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VICTUS

THE FALL OF BARCELONA

With extraordinarily gut-wrenching descriptions of bayonets, bloodshed and battle, and the terrors and tribulations...

Imagining himself into the mind of a military engineer, Piñol (Pandora in the Congo, 2009, etc.) draws an epic tale from the 1714 Siege of Barcelona.

Martí Zuviría, a Barcelona merchant’s rambunctious son, is expelled from a French school and relegated to the tutelage of Sébastien Vauban, pre-eminent military engineer, to whom "battle was a rational sphere." After a rollicking, Tom Jones opening—Martí enjoys haystack romps with Vauban’s daughter Jeanne—Piñol offers an as-told-to bloody chronicle of Bourbons and Castilians warring against Catalonians. France wants puppet Phillip V as king of a united Spain; opposing allies want Austria’s Charles III on that throne. Fate places Martí at one of the "superb moments when life positions us in just the right place where morality and necessity converge," a perfect window for this minor historical figure to become Piñol’s jaundiced observer of The War of Two Crowns. Machiavellian maneuvering aside, other real-life personages engrave the novel: "Voltaire, that insufferable dandy;" Don Antonio de Villarroel Peláez, "a son of Castile, embodying all that was good about that harsh land, sacrificing himself for Barcelona"; and James Fitz-James Berwick, King James’ bastard, French marshal, boyish, buoyant, brilliant. Quixote-like, Martí seeks le Mystère, the mystical element at the legendary heart of military engineering, yet he’s constantly confronted by his blood-enemy, Verboom, "the Antwerp butcher." Add Nan, a dwarf who wears a funnel for a cap, and Afán, a wily homeless boy, plus a love story between Martí and Amelis, a beautiful prostitute. Martí, too late realizing le Mystère is but "[t]ruths whose only reward is lucidity itself," lives on, burdened by choices made amid carnage, telling his transcriber, "let my treachery drain onto the pages."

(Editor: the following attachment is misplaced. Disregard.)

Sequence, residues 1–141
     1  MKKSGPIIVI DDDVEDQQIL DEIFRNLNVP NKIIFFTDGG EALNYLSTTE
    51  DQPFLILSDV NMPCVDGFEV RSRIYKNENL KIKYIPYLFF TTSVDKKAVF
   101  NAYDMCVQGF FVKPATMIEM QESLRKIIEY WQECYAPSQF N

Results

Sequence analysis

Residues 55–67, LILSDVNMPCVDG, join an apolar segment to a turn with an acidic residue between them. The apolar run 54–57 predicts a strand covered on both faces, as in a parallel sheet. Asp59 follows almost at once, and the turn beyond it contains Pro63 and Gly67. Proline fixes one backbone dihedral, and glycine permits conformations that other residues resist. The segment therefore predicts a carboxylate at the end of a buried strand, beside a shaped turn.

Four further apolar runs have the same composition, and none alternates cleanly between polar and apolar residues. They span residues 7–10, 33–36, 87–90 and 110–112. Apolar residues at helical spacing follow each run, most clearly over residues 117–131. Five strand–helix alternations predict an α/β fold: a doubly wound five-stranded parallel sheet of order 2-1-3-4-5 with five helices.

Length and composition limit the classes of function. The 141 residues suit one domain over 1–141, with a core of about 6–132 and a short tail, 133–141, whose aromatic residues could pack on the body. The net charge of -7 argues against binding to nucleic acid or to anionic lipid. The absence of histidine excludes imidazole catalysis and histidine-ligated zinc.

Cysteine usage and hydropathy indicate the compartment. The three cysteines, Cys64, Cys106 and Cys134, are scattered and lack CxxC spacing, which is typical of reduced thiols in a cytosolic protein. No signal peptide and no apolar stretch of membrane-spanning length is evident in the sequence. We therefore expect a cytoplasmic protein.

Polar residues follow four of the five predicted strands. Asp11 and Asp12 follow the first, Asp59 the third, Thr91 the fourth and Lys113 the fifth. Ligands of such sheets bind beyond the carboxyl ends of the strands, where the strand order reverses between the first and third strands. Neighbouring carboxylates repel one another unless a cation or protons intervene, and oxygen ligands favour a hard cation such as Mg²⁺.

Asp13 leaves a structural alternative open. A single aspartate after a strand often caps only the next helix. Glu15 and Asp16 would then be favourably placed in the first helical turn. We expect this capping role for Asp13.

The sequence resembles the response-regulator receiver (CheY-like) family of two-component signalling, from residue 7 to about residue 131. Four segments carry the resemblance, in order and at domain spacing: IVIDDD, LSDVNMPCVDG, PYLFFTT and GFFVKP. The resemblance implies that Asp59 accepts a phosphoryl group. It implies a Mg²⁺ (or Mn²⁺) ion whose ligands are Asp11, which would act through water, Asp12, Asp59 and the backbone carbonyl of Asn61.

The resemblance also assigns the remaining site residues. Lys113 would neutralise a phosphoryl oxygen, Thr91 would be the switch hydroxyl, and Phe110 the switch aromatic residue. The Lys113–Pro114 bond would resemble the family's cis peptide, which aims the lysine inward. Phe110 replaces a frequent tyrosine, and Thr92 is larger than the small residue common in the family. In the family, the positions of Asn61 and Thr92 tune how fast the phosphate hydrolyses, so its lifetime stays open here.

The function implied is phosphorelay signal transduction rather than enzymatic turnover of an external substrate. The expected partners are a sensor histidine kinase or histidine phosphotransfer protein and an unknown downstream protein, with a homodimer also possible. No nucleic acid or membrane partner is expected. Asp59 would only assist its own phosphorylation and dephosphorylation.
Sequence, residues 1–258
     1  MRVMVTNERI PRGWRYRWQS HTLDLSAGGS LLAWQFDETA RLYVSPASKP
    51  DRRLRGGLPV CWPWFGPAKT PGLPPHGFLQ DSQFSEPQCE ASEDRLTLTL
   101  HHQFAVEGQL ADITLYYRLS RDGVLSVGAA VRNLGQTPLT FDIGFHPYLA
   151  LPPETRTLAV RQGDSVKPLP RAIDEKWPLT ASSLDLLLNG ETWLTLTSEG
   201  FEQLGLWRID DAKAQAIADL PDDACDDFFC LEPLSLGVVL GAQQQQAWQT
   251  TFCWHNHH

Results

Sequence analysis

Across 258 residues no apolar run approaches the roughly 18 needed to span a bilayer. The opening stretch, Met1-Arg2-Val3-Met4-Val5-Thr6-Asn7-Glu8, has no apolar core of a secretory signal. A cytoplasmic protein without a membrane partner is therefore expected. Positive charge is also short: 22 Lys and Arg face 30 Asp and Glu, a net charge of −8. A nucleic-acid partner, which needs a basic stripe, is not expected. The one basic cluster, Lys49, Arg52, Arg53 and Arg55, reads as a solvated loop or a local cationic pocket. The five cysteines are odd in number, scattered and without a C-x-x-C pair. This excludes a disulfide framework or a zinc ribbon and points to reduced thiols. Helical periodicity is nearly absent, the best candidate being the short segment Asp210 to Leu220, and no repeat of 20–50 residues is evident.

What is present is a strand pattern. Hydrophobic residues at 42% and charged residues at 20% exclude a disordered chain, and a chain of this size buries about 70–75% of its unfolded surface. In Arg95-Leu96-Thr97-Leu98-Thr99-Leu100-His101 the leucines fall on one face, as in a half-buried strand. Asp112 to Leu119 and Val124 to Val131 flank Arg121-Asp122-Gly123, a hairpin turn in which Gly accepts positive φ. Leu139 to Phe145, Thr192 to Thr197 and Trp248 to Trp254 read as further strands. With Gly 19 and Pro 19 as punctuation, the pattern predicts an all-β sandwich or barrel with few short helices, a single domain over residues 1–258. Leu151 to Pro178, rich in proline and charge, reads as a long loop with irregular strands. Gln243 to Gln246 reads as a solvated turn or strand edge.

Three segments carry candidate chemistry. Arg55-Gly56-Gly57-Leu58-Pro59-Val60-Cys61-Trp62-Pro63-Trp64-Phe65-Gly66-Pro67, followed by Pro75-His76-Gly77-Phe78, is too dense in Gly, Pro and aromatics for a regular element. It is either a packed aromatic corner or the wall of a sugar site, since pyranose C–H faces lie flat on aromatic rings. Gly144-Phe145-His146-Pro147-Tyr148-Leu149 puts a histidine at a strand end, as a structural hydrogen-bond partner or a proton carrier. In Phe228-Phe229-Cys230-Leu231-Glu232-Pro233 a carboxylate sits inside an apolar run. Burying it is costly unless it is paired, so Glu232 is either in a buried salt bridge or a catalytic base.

With extraordinarily gut-wrenching descriptions of bayonets, bloodshed and battle, and the terrors and tribulations inflicted upon besieged Barcelonians, Piñol makes real a tragedy that shaped Spain and Europe.

Pub Date: Sept. 9, 2014

ISBN: 978-0-06-232396-5

Page Count: 464

Publisher: Harper/HarperCollins

Review Posted Online: July 28, 2014

Kirkus Reviews Issue: Aug. 15, 2014

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THE NIGHTINGALE

Still, a respectful and absorbing page-turner.

Hannah’s new novel is an homage to the extraordinary courage and endurance of Frenchwomen during World War II.